Duplication of Genes in an ATP-binding Cassette Transport System Increases Dynamic Range While Maintaining Ligand Specificity.Ghimire-Rijal, S., Lu, X., Myles, D.A., Cuneo, M.J.
(2014) J Biol Chem 289: 30090-30100
- PubMed: 25210043
- DOI: 10.1074/jbc.M114.590992
- Primary Citation of Related Structures:
4PFT, 4PFU, 4PFW, 4PFY
- PubMed Abstract:
Many bacteria exist in a state of feast or famine where high nutrient availability leads to periods of growth followed by nutrient scarcity and growth stagnation. To adapt to the constantly changing nutrient flux, metabolite acquisition systems must be able to function over a broad range ...
Many bacteria exist in a state of feast or famine where high nutrient availability leads to periods of growth followed by nutrient scarcity and growth stagnation. To adapt to the constantly changing nutrient flux, metabolite acquisition systems must be able to function over a broad range. This, however, creates difficulties as nutrient concentrations vary over many orders of magnitude, requiring metabolite acquisition systems to simultaneously balance ligand specificity and the dynamic range in which a response to a metabolite is elicited. Here we present how a gene duplication of a periplasmic binding protein in a mannose ATP-binding cassette transport system potentially resolves this dilemma through gene functionalization. Determination of ligand binding affinities and specificities of the gene duplicates with fluorescence and circular dichroism demonstrates that although the binding specificity is maintained the Kd values for the same ligand differ over three orders of magnitude. These results suggest that this metabolite acquisition system can transport ligand at both low and high environmental concentrations while preventing saturation with related and less preferentially metabolized compounds. The x-ray crystal structures of the β-mannose-bound proteins help clarify the structural basis of gene functionalization and reveal that affinity and specificity are potentially encoded in different regions of the binding site. These studies suggest a possible functional role and adaptive advantage for the presence of two periplasmic-binding proteins in ATP-binding cassette transport systems and a way bacteria can adapt to varying nutrient flux through functionalization of gene duplicates.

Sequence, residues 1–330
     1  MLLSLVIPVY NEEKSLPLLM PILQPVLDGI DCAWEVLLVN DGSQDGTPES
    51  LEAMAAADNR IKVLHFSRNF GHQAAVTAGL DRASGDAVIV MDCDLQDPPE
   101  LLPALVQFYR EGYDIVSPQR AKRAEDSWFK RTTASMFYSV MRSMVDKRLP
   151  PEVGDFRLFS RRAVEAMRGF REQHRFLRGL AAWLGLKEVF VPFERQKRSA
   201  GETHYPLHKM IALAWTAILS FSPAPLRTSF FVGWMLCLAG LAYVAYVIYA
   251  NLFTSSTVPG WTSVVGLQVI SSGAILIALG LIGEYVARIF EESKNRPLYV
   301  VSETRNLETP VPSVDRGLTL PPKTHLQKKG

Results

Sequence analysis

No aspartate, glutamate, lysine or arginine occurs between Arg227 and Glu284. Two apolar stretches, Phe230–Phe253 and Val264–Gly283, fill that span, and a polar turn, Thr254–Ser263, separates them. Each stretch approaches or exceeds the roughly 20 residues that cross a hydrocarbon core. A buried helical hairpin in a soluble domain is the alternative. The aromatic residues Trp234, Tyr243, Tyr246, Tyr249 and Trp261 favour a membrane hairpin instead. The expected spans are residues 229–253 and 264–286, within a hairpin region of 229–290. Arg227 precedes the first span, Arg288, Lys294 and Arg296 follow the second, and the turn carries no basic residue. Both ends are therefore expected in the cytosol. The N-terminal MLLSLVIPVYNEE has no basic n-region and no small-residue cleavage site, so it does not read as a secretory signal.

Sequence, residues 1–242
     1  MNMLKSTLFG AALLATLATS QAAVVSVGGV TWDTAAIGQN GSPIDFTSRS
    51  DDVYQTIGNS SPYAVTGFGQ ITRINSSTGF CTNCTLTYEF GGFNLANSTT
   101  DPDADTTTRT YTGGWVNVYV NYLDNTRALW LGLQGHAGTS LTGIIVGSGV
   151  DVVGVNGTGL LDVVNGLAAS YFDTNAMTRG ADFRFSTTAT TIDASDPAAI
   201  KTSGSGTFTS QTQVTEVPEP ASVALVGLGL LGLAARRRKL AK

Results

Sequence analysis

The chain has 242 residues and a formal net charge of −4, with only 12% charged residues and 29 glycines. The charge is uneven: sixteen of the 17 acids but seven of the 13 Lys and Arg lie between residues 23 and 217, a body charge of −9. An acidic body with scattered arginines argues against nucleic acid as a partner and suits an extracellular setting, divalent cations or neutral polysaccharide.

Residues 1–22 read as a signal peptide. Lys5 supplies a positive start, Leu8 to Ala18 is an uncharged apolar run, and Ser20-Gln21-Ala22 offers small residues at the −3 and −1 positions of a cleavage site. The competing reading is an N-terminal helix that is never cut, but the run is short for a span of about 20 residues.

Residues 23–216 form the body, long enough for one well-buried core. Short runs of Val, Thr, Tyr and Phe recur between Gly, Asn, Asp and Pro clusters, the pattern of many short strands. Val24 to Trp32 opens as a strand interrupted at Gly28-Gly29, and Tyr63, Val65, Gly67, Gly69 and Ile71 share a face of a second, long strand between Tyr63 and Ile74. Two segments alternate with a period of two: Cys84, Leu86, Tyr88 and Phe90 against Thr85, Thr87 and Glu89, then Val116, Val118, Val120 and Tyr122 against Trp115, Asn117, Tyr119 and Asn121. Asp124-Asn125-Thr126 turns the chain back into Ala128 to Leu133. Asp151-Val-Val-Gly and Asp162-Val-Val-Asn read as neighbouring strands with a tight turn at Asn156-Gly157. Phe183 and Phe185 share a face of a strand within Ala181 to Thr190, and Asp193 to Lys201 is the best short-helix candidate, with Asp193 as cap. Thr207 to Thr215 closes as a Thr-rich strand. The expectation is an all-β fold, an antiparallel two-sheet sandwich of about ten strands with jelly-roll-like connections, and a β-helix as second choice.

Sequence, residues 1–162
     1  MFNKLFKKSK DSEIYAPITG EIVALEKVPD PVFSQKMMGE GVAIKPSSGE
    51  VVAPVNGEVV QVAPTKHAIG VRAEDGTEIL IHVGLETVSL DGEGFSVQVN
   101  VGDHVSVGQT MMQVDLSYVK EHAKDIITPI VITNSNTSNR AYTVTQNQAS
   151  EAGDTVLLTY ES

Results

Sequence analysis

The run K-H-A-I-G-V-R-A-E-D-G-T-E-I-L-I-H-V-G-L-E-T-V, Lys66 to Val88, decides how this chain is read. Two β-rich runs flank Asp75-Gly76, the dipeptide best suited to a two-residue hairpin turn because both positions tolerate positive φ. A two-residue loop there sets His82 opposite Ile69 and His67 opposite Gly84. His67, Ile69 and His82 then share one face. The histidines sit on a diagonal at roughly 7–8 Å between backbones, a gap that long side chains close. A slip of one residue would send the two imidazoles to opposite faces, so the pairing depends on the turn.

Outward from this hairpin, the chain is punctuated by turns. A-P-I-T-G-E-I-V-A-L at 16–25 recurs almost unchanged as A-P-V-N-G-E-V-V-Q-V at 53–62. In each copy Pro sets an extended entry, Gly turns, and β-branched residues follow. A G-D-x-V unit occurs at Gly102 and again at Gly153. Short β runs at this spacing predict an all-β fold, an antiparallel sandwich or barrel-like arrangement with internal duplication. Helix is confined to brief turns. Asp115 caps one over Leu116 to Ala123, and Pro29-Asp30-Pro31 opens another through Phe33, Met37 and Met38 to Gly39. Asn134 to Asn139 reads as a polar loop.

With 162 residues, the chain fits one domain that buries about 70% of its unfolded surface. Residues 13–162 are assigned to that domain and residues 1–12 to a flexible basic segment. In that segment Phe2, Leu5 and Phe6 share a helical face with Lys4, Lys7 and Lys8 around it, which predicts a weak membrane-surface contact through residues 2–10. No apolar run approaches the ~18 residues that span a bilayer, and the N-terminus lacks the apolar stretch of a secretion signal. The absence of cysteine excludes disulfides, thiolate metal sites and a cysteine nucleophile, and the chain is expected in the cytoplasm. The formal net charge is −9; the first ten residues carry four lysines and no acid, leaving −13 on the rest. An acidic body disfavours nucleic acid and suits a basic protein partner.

From the Neutron Sciences Directorate, Oak Ridge National Laboratory, Oak Ridge, Tennessee 37831 firstname.lastname@example.org.